Eid al-Fitr is celebrated in Egypt with much religious fervour and general merriment. The national holiday comes on the first day of the Islamic month of Shawwal, immediately following the holy month of Ramadan and month-long period of fasting, prayer and devotion. It is one of the most important of all Muslim commemorations.
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In Egypt, schools, businesses, and government offices close down for Eid al-Fitr, which is one of the biggest celebrations of the year. After attending religious services for prayer, Koranic recitations, and sermons on the morning of Eid al-Fitr, there follows three straight days of merrymaking. Family gatherings are central, though there are also many public events and even TV and radio programs focused on “Eid themes”.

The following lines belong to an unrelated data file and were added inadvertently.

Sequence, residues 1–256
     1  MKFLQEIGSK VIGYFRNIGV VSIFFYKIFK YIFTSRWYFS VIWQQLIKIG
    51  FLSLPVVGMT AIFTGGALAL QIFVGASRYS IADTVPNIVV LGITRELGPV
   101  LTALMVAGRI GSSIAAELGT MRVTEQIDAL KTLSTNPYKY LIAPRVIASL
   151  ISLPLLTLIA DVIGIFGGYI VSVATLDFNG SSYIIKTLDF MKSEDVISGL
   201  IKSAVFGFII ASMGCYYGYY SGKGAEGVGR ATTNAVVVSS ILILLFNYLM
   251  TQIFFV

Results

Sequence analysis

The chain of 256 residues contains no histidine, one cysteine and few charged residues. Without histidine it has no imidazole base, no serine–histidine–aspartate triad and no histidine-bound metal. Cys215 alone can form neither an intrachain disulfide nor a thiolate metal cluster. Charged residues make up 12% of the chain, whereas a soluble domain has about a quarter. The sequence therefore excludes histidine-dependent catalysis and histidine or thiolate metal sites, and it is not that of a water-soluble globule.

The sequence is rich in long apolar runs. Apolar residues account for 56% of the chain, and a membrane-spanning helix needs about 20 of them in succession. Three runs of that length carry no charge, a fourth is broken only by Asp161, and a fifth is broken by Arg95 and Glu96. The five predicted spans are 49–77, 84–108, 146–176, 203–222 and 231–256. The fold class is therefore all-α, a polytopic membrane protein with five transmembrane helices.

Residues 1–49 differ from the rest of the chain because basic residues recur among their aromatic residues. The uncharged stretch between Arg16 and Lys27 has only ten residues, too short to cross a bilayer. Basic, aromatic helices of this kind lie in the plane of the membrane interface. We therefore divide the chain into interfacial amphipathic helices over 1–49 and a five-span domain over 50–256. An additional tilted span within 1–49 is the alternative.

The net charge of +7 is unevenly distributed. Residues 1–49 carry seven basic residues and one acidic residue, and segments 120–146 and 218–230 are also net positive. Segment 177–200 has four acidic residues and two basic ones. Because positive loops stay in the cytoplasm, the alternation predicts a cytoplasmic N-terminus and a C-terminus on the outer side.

Egypt’s Eids are full of food. Kahk, a nut-filled cookie covered with powdered sugar, is a favourite. Eating Egyptian dates, drinking a nutty apricot juice called “Qamar”, consuming spiced lentil soup, and devouring a rice dish known as “Mahshi” are all delicious traditions. Fried, specially seasoned eggplant, chicken and potatoes, and a “green chicken soup” called “Molokhia” are also commonly enjoyed this time of year.